Mario is the ultimate everyman. A humble plumber, Nintendo’s mustachioed mascot trades plungers for fireballs when Bowser rears his ugly head and threatens the peaceful Mushroom Kingdom. Yet according to Nintendo, Mario is no hero. In an interview with Game Informer conducted in 2012, Shigeru Miyamoto, creator of Super Mario Bros., The Legend of Zelda, and other iconic Nintendo properties, likened Mario and his friends and foes to a troupe of actors able to play lots of different roles.
The video-game equivalent of a character actor, Mario has done it all. He’s scaled construction sites, refereed boxing matches, picked up tennis rackets, kicked soccer balls, and put the pedal to the metal Nintendo’s long-running Mario Kart series, arguably the most popular the his secondary roles.
Early on, however, Mario wasn’t involved in the series at all.
Getting Up to Speed
When Nintendo launched the Super Famicom in Japan on November 21, 1990, only two games were available: Super Mario World, and F-Zero, a racing game centered on blistering speeds. Developed over 15 months, F-Zero was the first game to use Mode 7, a graphical technique built into the hardware that allowed developers to scale and rotate flat images. F-Zero‘s futuristic tracks scrolled smoothly around players as they raced, fooling them into believing that the game was employing advanced 3D tech.
F-Zero garnered praise from Japanese and American audiences, but Nintendo saw room for improvement. Despite being lightning-fast and visually tantalizing, F-Zero only supported one player. Hideki Konno, a designer who had directed Super Mario World, dreamed up a two-player racing game featuring go-karts and Mode 7 graphics, and starring a generic character in overalls. Roughly four months into development, Konno and Miyamoto decided Mario, Nintendo’s most recognizable face, would work better as the title character. They dubbed the game Super Mario Kart.
Konno and his team designed Super Mario Kart for multiplayer from the ground up. In two-player mode, the screen was divided between Player 1’s progress on top and Player 2 on the bottom. The game retained the split-screen interface even in single-player mode, placing the map on the bottom. Alone or with a friend, players jockeyed against Mario and his friends over 20 colorful tracks themed after locations from the Mushroom Kingdom such as docks haunted by Boos and wide-open plains bordered by pipes and rolling green hills.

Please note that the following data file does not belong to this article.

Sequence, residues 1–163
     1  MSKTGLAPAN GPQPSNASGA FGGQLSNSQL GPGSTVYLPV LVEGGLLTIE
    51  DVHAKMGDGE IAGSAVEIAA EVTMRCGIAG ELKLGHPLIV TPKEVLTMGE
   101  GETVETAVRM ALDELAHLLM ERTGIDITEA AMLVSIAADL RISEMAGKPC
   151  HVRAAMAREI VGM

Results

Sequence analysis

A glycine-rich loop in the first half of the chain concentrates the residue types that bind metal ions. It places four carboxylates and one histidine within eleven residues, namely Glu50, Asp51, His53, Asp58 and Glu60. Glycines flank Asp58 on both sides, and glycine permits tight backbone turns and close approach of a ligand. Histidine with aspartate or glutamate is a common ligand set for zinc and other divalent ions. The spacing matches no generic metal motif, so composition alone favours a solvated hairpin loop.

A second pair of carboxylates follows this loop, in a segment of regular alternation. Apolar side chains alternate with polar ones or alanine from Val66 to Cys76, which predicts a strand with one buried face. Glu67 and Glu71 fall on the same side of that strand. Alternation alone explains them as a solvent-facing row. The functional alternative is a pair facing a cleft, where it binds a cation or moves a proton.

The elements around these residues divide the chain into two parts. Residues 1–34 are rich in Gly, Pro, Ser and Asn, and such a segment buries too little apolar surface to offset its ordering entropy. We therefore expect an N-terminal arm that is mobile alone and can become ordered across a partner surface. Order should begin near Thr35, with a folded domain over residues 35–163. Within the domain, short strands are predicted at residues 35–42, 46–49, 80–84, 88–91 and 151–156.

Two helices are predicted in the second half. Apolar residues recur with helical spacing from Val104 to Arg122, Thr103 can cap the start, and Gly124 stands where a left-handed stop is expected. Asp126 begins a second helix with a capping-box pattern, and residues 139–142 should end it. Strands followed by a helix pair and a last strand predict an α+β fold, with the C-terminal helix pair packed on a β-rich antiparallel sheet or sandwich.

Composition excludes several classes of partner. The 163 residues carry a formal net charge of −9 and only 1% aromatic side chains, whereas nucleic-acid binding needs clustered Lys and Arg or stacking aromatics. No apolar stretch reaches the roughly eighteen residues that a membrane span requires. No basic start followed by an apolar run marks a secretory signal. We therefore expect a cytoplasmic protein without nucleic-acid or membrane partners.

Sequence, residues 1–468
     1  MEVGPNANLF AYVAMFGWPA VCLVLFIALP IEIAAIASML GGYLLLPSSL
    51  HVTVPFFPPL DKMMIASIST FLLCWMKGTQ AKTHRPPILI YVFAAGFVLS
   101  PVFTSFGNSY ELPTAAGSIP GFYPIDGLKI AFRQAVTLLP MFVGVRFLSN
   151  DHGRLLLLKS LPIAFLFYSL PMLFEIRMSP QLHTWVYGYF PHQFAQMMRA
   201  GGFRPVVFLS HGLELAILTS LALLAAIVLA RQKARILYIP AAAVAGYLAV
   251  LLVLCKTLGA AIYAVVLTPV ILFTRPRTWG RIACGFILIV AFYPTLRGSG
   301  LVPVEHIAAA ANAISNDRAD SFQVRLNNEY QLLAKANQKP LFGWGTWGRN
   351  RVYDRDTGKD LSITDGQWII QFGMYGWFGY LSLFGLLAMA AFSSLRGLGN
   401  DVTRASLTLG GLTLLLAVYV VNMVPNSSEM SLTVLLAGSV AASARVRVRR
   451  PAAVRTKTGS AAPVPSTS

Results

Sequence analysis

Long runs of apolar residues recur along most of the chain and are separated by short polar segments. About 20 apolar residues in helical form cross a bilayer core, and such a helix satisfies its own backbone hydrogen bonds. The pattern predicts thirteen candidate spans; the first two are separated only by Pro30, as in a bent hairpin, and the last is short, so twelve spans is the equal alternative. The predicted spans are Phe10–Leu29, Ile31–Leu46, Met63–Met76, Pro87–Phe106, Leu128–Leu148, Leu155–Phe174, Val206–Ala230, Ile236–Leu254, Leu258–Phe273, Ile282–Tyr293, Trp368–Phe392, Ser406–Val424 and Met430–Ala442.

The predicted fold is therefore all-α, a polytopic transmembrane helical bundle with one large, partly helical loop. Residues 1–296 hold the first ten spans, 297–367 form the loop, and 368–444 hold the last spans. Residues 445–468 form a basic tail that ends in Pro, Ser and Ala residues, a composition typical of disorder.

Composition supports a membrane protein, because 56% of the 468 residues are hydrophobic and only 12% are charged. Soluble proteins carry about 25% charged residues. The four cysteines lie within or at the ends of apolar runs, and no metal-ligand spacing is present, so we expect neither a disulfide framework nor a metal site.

Unlike F-Zero, which featured hazards planted around the track, Super Mario Kart put hazards in the hands of players. Driving over gold “?” pads armed players with items such as red shells that homed in on the next racer up, banana peels that sent karts spinning, and mushrooms that gave players a burst of speed, which let them pass players or, more advantageously, go off-road. Racing was only one form of competition. Resembling deathmatch in a first-person shooter, Battle Mode saw players drive around and blast one another with shells and other items strewn around each arena.
After the success of Super Mario Kart, which sold millions of units in just a few years, a sequel on Nintendo’s new platform, the Nintendo 64, was a given. Levels in Mario Kart 64 were rendered from polygons, which allowed artists and designers to create intricate courses such as Yoshi Valley, a tangle of paths that crisscrossed through a gorge; and Wario Stadium, a dirt-bike track covered in mud, sharp turns, and hills that sent players soaring through the air. Items such as the mushroom and banana peel returned, and were joined by devious new additions such as the Spiny “blue” Shell, which streaked through the air and dive-bombed the lead racer.
On top of 3D graphics, Mario Kart 64 sported a truckload of new gameplay mechanics. Up to four players could race or battle it out in Battle Mode on the same console. Players interested in bragging rights could save ghosts of their races to Memory Paks and trade them with friends, challenging one another to beat their best times.
Mario Kart 64 also cemented a trend: Nintendo would only release a single Mario Kart per platform. Mario Kart Super Circuit debuted on the Game Boy Advance in 2001, marking the first handheld chapter in the series. Super Circuit lifted several assets from the N64 game, a testament to the GBA’s capable technology. Mario, Luigi, Peach, Toad, Yoshi, Bowser Wario, and Donkey Kong returned, all of whom had been selectable on the N64 game. (Donkey Kong Jr., not the original DK, had been at the player’s disposal in the SNES original.)